cracks.
6.4. Sandblasting Equipment – Light sandblasting is
used to clean joint or crack faces prior to sealing (Figure
6.3). The necessary sandblasting equipment includes an
air compressor, air hose, and a 1/4-in. (6-mm) diameter
venturi-type nozzle. The compressor must be capable of
delivering 150 ft
3
/minute (4.25 m
3
/minute) at 90 psi (620
kPa) and be equipped with operating in-line traps to keep
the air hoses and the sandblasted surface free of oil and
water. This device must be capable of removing all sawed
slurry, dirt, and old sealant that may be present in cracks
that are being resealed.
Ceramic and tungsten carbide nozzles are available for
sandblasting, but the tungsten nozzles last longer. A guide
that keeps the nozzle consistently close to the pavement
surface and at an effective angle to the crack face, pro-
motes consistency to the sandblasting technique and
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reduces operator fatigue. Ensure that the nozzle has an
adjustable guide that will hold the nozzle aligned with the
crack approximately 1 in. (25 mm) above the pavement
surface.
Make safety a primary concern. Sandblasting operators
are required to follow OSHA guidelines. A helmet with a
separate air source and air purification equipment reduces
the possibility of inhalation of silica dust. Protective
clothing may also be required.
6.5. Waterblasting Equipment – Waterblasting is another
technique for cleaning crack faces. It is sometimes em-
ployed as an alternative to sandblasting due to local air reg-
ulations, or where the sand and debris might create
additional problems. Waterblasting equipment consists of a
trailer-mounted water tank, pumps, high-pressure hoses,
an auxiliary water supply, a wand with a safety cutoff if the
operator should lose control, and a proper size nozzle for
the crack width (Figure 6.4). After waterblasting is com-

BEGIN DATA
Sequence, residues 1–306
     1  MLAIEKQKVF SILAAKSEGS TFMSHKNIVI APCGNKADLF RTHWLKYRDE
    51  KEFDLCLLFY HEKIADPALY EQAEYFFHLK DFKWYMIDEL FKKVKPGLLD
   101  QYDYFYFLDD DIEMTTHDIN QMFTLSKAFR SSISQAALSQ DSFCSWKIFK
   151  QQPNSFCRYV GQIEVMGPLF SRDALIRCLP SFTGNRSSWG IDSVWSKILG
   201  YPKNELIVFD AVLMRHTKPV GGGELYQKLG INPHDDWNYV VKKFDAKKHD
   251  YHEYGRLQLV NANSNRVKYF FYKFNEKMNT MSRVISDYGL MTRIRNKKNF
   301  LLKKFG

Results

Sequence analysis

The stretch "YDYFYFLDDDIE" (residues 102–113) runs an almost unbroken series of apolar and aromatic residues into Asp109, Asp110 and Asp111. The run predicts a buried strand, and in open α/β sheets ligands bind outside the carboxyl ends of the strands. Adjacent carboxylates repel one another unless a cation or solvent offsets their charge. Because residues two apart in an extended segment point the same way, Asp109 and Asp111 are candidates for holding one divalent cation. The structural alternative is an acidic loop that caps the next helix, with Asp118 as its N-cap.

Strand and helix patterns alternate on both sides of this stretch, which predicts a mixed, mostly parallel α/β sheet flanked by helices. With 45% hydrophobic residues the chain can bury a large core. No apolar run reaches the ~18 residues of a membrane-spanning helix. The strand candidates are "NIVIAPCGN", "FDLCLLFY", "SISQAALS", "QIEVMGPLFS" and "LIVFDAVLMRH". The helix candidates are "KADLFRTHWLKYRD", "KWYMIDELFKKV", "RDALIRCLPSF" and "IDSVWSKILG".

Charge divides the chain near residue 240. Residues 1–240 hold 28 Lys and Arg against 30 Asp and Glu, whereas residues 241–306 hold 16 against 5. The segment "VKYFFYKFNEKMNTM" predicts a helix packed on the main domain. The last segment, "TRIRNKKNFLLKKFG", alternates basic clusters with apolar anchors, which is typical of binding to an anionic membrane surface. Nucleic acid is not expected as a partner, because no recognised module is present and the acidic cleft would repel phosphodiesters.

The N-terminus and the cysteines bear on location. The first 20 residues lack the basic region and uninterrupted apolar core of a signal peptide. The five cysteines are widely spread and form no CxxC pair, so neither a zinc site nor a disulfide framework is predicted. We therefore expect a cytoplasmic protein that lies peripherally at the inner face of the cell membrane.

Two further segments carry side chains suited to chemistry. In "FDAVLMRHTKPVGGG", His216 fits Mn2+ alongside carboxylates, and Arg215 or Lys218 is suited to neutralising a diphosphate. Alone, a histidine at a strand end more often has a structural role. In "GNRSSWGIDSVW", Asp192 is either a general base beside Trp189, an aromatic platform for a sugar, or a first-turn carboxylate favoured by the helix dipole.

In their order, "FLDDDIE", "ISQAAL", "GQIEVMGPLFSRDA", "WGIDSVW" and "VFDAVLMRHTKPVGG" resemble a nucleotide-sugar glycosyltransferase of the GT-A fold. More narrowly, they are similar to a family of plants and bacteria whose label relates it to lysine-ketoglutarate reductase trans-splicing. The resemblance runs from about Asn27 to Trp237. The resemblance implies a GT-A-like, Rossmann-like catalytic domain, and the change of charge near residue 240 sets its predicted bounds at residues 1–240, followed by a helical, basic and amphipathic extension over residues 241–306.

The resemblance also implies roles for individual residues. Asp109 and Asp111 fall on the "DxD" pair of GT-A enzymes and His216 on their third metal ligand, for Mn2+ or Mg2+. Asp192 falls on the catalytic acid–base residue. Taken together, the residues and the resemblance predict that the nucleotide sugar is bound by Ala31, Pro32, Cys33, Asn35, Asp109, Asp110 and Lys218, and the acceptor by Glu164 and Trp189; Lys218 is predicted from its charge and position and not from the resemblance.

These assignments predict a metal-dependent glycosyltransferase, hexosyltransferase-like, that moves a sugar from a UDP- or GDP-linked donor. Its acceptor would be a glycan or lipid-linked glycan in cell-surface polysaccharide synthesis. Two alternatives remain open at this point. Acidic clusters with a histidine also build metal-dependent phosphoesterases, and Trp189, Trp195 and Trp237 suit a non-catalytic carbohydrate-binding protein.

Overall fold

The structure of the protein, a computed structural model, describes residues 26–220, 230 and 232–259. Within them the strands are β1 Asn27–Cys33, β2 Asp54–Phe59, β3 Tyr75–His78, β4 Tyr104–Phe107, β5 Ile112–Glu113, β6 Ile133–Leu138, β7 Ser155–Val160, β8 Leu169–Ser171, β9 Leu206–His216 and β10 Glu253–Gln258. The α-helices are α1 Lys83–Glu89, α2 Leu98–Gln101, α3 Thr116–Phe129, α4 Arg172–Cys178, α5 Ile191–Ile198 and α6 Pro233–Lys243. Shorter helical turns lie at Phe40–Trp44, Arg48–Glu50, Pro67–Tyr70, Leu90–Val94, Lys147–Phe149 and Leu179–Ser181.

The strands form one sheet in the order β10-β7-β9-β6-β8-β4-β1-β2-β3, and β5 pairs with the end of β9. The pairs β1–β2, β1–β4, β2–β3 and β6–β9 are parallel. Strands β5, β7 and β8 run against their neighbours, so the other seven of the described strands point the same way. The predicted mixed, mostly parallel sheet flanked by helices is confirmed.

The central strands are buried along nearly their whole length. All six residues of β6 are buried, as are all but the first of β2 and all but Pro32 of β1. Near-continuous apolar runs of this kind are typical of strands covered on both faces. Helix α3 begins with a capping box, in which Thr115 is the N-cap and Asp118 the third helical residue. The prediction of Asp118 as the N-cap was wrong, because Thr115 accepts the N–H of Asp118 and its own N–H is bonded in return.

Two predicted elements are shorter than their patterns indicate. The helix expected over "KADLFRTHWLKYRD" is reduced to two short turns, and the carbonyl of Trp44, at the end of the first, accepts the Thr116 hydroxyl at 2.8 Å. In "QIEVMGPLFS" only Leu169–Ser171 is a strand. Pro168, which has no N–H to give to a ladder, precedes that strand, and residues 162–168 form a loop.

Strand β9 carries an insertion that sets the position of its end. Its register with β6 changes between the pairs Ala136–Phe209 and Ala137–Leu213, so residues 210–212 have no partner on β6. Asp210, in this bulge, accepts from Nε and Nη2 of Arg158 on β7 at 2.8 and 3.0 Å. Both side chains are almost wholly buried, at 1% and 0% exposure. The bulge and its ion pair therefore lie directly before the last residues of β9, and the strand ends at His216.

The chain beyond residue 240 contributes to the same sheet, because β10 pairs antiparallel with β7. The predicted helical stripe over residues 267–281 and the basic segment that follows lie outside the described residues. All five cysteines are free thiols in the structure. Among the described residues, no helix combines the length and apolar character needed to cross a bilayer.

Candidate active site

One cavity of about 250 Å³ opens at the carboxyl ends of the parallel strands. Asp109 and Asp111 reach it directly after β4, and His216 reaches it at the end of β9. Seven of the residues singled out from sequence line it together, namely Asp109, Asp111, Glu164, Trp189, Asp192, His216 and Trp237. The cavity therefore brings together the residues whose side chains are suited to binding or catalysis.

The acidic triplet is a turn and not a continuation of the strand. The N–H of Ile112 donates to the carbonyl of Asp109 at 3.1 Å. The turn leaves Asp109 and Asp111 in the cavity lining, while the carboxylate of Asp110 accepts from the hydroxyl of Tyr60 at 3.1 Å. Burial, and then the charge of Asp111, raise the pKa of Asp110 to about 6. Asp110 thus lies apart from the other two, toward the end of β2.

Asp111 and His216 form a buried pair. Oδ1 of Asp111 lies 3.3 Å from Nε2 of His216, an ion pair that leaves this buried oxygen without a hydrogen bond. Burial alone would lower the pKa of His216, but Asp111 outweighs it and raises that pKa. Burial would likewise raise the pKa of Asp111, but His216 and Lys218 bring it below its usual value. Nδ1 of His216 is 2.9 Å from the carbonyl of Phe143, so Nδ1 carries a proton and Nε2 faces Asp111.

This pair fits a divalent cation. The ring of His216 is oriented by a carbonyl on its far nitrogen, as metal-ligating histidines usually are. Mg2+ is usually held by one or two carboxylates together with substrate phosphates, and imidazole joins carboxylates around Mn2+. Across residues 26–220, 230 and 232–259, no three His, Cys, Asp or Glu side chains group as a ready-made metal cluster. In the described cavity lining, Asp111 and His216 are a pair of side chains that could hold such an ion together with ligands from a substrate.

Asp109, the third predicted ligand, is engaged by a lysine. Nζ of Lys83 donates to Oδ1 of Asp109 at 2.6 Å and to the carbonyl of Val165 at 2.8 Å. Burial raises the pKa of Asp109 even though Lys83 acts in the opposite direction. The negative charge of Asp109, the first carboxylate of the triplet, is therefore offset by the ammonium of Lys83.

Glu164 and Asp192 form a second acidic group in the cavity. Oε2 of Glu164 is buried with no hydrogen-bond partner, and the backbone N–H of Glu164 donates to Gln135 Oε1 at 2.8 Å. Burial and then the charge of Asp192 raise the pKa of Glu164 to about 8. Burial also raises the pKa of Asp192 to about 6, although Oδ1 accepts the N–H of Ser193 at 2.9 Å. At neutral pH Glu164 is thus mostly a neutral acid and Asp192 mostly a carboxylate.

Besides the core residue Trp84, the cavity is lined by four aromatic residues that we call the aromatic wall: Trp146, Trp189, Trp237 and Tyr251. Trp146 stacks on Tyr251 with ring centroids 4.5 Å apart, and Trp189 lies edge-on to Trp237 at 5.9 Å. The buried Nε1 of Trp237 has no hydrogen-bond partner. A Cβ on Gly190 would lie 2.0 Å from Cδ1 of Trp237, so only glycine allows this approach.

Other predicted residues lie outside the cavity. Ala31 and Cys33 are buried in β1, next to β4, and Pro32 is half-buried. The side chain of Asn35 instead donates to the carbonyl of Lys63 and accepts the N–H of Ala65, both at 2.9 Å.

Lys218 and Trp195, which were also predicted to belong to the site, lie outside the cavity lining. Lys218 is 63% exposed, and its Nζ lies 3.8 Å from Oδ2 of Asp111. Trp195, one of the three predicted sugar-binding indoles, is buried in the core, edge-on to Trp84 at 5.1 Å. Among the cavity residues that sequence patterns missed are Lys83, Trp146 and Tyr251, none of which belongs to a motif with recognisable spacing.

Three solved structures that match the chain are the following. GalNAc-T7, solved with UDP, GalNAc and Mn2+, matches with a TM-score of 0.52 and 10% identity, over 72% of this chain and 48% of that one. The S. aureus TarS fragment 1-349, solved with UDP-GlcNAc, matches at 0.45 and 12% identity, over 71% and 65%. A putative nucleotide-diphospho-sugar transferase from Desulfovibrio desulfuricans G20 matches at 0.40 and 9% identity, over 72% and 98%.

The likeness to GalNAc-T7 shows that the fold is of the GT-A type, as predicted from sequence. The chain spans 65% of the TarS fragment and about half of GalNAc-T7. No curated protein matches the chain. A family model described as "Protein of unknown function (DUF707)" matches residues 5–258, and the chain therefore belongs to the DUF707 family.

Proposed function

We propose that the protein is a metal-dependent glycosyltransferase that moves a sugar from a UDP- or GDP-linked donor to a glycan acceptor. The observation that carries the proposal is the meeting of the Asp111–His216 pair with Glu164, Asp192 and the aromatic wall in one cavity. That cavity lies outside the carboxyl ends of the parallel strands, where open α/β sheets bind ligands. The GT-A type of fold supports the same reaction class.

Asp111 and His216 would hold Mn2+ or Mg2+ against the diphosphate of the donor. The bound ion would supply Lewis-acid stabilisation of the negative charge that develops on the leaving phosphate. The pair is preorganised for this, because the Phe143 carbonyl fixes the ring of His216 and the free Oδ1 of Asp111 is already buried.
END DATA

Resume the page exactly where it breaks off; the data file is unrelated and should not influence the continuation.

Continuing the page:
pleted, dry the entire crack prior to sealant installation.
Chapter 6 – Crack Repair Equipment
23
Figure 6.3. Sand blasting.
Figure 6.4. High-pressure water cleaning.
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ACPA NOTE: Waterblasting is not necessary when sand-
blasting is employed.
6.6. Hot-Air Lance – If waterblasting is used to clean
crack faces, a hot-air lance is sometimes employed to dry
the crack or joint immediately prior to sealing. The
operator must take special precaution not to overheat the
pavement, which may cause cracks and chalking of the
concrete surface. Do not use direct flame devices. Use
strict safety precautions to reduce operator hazard such
as protective clothing as well as eye and ear protection.
ACPA NOTE: Hot air lances are not recommended by
ACPA.
6.7. Power Broom – Ensure that a vacuum-type power
broom is present to remove debris from the pavement
surface and reduce the potential for FOD (Figure 6.5).
24
Figure 6.5. Power broom.
6.8. Compressed Air Equipment – Compressed air is em-
ployed for the final cleaning phase of the project. The air
source must produce sufficient pressure
(
90 psi
[
0.63
MPa
]
min.
)
and contain no oil that may foul the surface
prior to sealing. Some compressors have in-line sources
for the constant lubrication of air tools. Remove these
devices along with the oil-coated pressure hoses, and
install in-line oil and water traps to provide a clean air
source for the airblasting operation.
6.9. Backer Rod Installation Equipment – There are
different types of equipment available for installing backer
rod, either custom-made by contractors or produced by
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manufacturers. These devices place the rod at a consis-
tent depth without undue stretching or tearing of the
backer materials (Figure 6.6).
6.10. Hot-Applied Sealant Equipment – Hot-applied
sealant equipment must be capable of holding a sufficient
amount of sealant and be able to heat the material to the